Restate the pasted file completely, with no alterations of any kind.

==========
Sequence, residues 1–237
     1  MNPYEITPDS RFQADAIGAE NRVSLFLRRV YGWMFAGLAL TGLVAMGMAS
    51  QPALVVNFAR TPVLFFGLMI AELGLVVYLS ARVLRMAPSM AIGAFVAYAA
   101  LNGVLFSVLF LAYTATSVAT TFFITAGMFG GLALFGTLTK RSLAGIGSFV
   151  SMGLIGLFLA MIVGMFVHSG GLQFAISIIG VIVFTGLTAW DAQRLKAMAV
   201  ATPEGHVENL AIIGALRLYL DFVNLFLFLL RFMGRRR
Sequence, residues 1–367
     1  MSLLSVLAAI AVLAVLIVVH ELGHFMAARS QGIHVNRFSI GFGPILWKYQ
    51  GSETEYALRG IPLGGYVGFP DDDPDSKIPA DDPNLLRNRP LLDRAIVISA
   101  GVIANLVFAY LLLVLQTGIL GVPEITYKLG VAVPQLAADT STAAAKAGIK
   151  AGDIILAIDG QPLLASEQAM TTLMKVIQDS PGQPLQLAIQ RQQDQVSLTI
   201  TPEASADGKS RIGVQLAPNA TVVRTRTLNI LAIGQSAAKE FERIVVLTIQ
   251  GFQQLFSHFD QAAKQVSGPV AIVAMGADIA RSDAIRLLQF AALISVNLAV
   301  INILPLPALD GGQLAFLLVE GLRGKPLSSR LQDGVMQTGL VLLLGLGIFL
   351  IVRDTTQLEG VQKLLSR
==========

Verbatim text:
Sequence, residues 1–237
     1  MNPYEITPDS RFQADAIGAE NRVSLFLRRV YGWMFAGLAL TGLVAMGMAS
    51  QPALVVNFAR TPVLFFGLMI AELGLVVYLS ARVLRMAPSM AIGAFVAYAA
   101  LNGVLFSVLF LAYTATSVAT TFFITAGMFG GLALFGTLTK RSLAGIGSFV
   151  SMGLIGLFLA MIVGMFVHSG GLQFAISIIG VIVFTGLTAW DAQRLKAMAV
   201  ATPEGHVENL AIIGALRLYL DFVNLFLFLL RFMGRRR
Sequence, residues 1–367
     1  MSLLSVLAAI AVLAVLIVVH ELGHFMAARS QGIHVNRFSI GFGPILWKYQ
    51  GSETEYALRG IPLGGYVGFP DDDPDSKIPA DDPNLLRNRP LLDRAIVISA
   101  GVIANLVFAY LLLVLQTGIL GVPEITYKLG VAVPQLAADT STAAAKAGIK
   151  AGDIILAIDG QPLLASEQAM TTLMKVIQDS PGQPLQLAIQ RQQDQVSLTI
   201  TPEASADGKS RIGVQLAPNA TVVRTRTLNI LAIGQSAAKE FERIVVLTIQ
   251  GFQQLFSHFD QAAKQVSGPV AIVAMGADIA RSDAIRLLQF AALISVNLAV
   301  INILPLPALD GGQLAFLLVE GLRGKPLSSR LQDGVMQTGL VLLLGLGIFL
   351  IVRDTTQLEG VQKLLSR